Orbis Corporation (“Orbis”), a manufacturer of commercial baking trays, owns U.S. Patent 6,273,259 (“the ‘259 patent”), which covers a baking tray (“the NPL663 tray”). As explained by the district court, “Orbis sells the NPL663 trays solely to Bimbo Bakeries, Inc. (“Bimbo”), and Bimbo’s affiliated brands. Several years ago, one of those affiliated brands, Sara Lee Corporation (“Sara Lee”) approached the defendant, Rehrig Pacific Company (“Rehrig”), to request that Rehrig design a tray that was both compatible with and similar to the NPL663 tray. Rehrig obliged and designed its SLBT180 tray, which it then began selling to Sara Lee. After several years of allowing Rehrig to sell its SLBT180 tray to Sara Lee, Orbis sued Rehrig, alleging that the SLBT180 tray infringed upon Orbis’ ‘259 patent.”
Rehrig moved for summary judgment based on the “on-sale bar” doctrine pursuant to 35 U.S.C. § 102, which states that “[a] person shall be entitled to a patent unless…the claimed invention was…on sale” more than one year “before the effective filing date of the claimed invention.” 35 U.S.C. §§ 102(a-b).
The district court then analyzed “whether there was a commercial sale or offer for sale of the invention in question more than one year before the filing of the patent. Specifically, the Court must ask whether Orbis sold or offered to sell the NPL655/NPL663 tray more than one year before May 9, 2000, the date on which it filed for the ‘259 patent. If Orbis did sell or offer to sell those trays before May 9, 1999–the “critical date,” one year before filing–then the ‘259 patent is invalid.”
To reach this determination, the district court then looked at relevant Federal Circuit law: “the Federal Circuit has made clear that the language used by the parties in communicating with one another is one of the prime factors in determining whether the requisite manifestation of intent exists. The Federal Circuit states that “[l]anguage suggesting a legal offer, such as ‘I offer’ or ‘I promise’ can be contrasted with language suggesting more preliminary negotiations, such as ‘I quote’ or ‘are you interested.’ Differing phrases are evidence of differing intent, but no one phrase is necessarily controlling.” Group One, 254 F.3d at 1048. But language, alone, is not entirely dispositive, according to the Federal Circuit. Instead, the Court must also look to the circumstances surrounding the communication, such as any prior dealings between the parties, whether their communications were private or public, whether their communication occurred in reply to a request for an offer, and the detail in the terms of the communications. See, e.g., Fisher-Price, Inc. v. Safety 1st, Inc., 109 Fed. Appx. 387, 392 (Fed. Cir. 2004) (citing 1 Corbin on Contracts § 2.2 at pp. 1-2 (Joseph M. Perillo, Rev. ed. 1993); Restatement (Second) of Contracts § 26, cmt. c (1981)).”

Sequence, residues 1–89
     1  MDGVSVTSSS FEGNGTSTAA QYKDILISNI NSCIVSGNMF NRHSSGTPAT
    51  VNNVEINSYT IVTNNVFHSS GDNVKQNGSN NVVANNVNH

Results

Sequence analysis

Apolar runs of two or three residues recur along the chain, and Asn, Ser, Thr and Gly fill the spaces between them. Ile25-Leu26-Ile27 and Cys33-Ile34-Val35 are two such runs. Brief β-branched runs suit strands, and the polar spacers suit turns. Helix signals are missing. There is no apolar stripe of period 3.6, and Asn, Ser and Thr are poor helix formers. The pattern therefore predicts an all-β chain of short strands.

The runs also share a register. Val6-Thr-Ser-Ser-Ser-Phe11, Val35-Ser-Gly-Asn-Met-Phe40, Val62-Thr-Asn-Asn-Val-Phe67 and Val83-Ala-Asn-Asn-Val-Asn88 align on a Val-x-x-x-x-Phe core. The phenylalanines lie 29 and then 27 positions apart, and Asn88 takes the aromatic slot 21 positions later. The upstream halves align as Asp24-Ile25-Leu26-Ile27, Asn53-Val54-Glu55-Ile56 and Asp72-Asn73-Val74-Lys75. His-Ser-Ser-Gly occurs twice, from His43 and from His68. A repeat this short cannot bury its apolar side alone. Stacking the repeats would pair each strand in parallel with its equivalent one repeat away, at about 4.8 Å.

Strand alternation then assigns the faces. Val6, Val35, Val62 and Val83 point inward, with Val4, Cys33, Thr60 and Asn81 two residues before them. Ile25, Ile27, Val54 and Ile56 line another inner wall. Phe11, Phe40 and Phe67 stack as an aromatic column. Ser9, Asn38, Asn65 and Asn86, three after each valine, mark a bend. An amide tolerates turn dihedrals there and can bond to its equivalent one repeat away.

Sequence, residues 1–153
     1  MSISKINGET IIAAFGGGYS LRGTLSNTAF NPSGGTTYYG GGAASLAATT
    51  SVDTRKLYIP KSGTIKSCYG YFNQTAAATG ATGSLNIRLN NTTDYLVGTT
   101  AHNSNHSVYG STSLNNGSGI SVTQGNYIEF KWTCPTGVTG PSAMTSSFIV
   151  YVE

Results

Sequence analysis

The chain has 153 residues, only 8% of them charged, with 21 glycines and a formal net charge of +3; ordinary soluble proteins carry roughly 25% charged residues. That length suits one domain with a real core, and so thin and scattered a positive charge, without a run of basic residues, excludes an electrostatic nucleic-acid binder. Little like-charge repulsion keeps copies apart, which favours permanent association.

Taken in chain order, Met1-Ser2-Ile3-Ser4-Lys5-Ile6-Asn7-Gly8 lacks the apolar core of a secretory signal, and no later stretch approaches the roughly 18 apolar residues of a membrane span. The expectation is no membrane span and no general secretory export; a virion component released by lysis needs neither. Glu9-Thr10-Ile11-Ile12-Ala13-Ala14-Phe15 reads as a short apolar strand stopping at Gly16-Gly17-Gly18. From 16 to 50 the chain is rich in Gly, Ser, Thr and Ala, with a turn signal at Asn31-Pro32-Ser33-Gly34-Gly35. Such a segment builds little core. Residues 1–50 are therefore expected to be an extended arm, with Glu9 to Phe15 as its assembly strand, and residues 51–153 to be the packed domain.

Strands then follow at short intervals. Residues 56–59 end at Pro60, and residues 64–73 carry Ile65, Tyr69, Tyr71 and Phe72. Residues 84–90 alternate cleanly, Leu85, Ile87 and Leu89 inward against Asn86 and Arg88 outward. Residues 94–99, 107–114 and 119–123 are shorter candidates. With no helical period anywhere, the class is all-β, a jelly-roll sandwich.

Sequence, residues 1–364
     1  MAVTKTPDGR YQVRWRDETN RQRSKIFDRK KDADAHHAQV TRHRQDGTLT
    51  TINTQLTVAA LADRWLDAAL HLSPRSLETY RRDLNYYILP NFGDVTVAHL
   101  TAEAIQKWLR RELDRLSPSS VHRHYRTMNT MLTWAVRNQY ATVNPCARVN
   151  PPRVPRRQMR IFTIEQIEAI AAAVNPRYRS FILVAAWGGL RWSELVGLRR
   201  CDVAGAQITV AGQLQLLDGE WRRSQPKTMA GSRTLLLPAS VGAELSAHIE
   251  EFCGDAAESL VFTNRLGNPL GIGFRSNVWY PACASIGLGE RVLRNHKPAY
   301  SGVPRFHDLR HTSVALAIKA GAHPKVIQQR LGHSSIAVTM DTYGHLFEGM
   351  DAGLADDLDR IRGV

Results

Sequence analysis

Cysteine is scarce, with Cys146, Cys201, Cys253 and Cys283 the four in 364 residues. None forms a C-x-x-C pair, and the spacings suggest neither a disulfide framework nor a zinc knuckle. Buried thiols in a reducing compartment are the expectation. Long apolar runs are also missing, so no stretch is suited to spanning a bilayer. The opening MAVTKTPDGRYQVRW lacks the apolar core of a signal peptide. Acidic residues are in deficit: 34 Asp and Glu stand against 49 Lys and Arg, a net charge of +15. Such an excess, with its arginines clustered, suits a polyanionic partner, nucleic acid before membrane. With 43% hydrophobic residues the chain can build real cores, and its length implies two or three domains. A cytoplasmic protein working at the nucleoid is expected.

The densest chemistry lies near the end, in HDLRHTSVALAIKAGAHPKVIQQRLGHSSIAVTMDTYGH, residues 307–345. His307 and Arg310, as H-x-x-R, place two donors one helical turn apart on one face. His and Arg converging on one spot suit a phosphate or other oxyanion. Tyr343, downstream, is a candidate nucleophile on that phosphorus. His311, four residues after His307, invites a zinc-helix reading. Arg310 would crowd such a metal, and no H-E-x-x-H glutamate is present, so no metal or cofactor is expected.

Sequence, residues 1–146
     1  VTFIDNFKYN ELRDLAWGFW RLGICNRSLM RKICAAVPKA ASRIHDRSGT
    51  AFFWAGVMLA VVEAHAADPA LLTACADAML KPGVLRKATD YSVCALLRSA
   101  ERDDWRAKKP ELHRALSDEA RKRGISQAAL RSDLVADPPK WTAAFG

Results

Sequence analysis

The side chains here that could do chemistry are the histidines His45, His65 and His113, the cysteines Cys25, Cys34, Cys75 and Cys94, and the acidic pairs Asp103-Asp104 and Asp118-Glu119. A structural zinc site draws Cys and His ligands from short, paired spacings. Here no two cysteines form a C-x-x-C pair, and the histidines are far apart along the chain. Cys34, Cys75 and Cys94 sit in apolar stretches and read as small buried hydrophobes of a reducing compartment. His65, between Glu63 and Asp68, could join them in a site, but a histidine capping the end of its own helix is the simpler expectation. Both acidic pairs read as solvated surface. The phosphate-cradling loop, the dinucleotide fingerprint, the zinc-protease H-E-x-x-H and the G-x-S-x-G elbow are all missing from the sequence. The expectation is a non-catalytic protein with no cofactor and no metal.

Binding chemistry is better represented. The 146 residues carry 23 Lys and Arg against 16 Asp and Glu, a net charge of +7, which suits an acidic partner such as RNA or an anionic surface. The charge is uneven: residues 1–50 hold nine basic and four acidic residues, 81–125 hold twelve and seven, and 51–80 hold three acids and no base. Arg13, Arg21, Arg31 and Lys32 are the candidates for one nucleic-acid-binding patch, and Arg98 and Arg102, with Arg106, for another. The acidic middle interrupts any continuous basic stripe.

Based on this law as well as the Restatement and the UCC, the district court determined that presentations and a quote from the manufacturer constituted offers. “Given the foregoing law, it is clear to the Court that both presentations, as well as the quote from the manufacturer, constituted offers.”
Accordingly, the district court found the patent was invalid due to an on-sale bar.
Orbis Corp. v. Rehrig Pacific, Co., Case No. 12-CV-1073-JPS (E.D. Wisc. Sept. 10, 2013)
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